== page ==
McNatt made it through the panel and was appointed a judge of the San Joaquin County Superior Court in 1995. At his swearing in, mentor Connie Callahan, who is now a Ninth Circuit Court judge, gave him some advice.

“She said, ‘You should really enjoy today. This is the only time everyone leaving the courtroom will be happy with you,’” he said.

Peggy McNatt was thrilled when her husband was appointed, and a little in disbelief.

“It’s not something we ever envisioned from the beginning,” she said. “As his career went along, he seemed to come in contact with people who thought he was destined for great things.”

McNatt started in small claims court, which remains one of the more satisfying parts of his career. In his mind, that’s where the real justice takes place.

One strange case involved a man with a pet python who bought a live mouse at a pet store to feed the snake. Both the snake and the bag were in the backseat of his car. When he got home, the rodent had chewed through the paper bag and killed the snake by chewing its head clean off. The man was suing the pet store for the price of the snake, and claims they sold him a rat instead of a mouse. McNatt doesn’t remember how that case was decided.

A more emotional case was that of Robert Wendland. The man was in a single car accident, and was in poor condition on life support for months. His wife wanted to pull the plug, recalls McNatt, but the mother didn’t.

It became a significant right-to-die case that reached the California Supreme Court.

When McNatt heard the case in 1995, he had been on the bench for only 3 months. He decided that the wife did not have enough evidence to prove her husband would have wanted to die in that condition.

“It scared me to death. It was a big relief that the higher court supported my decision, but there’s no right answer there,” he said.

McNatt remembers several moments that he made a difference for people. Once he received a letter from a man he had sent to prison.

“He thanked me, told me if I hadn’t sent him to prison he would have died on the street,” said McNatt. “Now he’s cleaned up and has a family. I got choked up when I read that one.”

One inconvenience of the position is the few weeks a year when McNatt was the on-call judge.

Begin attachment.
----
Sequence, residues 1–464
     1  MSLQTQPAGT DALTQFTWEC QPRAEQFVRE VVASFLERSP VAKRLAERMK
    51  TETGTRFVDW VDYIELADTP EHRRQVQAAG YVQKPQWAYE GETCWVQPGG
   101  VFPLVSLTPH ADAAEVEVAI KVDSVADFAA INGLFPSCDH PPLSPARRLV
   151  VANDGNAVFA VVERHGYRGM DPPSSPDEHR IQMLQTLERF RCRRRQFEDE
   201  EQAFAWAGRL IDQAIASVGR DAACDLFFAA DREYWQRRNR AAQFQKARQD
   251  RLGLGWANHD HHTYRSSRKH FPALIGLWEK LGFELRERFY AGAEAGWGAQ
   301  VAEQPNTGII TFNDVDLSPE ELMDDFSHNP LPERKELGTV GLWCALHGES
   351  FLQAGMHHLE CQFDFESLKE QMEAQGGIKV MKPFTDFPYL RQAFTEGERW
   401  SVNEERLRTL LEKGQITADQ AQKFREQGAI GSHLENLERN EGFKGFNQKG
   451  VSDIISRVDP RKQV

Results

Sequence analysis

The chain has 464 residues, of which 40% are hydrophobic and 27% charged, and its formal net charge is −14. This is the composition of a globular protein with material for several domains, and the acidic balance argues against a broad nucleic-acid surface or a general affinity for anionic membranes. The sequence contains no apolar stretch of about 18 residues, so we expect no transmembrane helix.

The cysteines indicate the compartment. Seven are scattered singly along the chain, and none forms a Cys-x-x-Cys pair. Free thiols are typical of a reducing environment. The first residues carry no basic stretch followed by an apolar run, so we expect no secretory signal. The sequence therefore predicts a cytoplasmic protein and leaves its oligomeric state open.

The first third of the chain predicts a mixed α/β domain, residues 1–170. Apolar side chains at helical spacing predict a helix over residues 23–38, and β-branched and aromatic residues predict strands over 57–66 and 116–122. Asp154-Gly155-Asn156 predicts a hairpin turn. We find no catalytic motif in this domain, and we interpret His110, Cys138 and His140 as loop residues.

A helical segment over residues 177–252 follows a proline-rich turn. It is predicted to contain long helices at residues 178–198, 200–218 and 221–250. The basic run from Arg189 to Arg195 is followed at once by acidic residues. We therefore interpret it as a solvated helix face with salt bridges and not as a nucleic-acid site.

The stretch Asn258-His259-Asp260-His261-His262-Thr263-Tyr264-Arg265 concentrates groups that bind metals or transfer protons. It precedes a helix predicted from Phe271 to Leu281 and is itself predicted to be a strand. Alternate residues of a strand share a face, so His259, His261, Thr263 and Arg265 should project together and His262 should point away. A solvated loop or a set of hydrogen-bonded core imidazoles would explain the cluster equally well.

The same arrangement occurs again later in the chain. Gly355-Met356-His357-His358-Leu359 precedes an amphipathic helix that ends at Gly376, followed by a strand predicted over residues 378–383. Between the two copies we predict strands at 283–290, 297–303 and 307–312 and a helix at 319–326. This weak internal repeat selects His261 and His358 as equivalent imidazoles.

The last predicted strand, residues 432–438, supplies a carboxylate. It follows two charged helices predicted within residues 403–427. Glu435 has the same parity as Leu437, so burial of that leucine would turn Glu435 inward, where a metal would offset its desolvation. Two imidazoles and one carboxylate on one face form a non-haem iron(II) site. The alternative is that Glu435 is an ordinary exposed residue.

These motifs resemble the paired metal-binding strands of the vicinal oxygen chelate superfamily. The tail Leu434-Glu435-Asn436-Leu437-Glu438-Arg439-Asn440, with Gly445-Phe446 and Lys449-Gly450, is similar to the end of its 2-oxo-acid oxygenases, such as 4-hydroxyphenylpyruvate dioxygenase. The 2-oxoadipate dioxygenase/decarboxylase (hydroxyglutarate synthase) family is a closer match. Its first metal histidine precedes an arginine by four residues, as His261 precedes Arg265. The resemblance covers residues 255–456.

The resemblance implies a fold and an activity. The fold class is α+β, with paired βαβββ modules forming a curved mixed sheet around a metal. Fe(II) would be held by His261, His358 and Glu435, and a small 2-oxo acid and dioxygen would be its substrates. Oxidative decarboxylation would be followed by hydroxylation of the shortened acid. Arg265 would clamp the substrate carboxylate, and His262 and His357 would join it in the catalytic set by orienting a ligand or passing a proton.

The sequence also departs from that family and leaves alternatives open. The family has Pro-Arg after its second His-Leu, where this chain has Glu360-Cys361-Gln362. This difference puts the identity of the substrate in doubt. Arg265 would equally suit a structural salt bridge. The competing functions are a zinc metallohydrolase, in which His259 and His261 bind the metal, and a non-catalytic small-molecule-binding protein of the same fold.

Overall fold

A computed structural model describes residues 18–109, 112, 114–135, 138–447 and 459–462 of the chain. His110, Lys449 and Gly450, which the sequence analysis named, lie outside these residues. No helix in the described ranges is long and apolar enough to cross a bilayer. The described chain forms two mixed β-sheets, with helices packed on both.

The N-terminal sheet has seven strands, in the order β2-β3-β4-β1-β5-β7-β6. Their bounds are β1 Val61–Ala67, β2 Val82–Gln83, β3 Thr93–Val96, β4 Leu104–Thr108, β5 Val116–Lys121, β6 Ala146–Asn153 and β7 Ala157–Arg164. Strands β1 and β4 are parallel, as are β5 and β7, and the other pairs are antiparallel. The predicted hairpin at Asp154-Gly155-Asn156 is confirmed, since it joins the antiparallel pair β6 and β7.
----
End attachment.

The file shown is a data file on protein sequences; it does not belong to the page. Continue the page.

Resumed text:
“It can be disruptive, getting calls at all hours of the night for emergency protective orders and so on. That was the least favorite aspect for both of us,” Peggy McNatt said.

It wasn’t easy for McNatt to make the transition from attorney to judge. Attorneys are advocates, while judges have to remain objective.

“I have scar tissue on my tongue from biting it,” he said. “I feel privileged to work with the group I have. We’re the most cohesive bench in California, and we call each other regularly for help.”

A new chapter

That close-knit group lost a member on June 1. McNatt is now well into retirement. That means traveling with his wife and working on jewelry in his home studio. Their children Jamie McNatt, 32, and Katie McNatt, 35, are working on opening a bar in Seattle. This month, their biggest decision is where to travel next with Peggy McNatt’s brother, a pilot, and his wife.

McNatt hasn’t given up his robes just yet. He has taken on a few assignments filling in for other judges while driving around California in his new Toyota Tundra pickup — a retirement present to himself.

His slogan: Have gavel, will travel.

“I never used a gavel, though. I always thought I could control the courtroom with the force of my personality,” he said.

When he’s not borrowing a bench, McNatt plans to “play golf badly, ski clumsily and play music with friends.”

He also crafts jewelry using lost wax casting techniques, and loves working with opals.

His career has been a good one, and McNatt is satisfied that he’s been able to make a positive impact.

A bit of a Disney fan, and history buff, there’s one perfect way for McNatt to describe his life:

“It sure has been an E-Ticket ride.”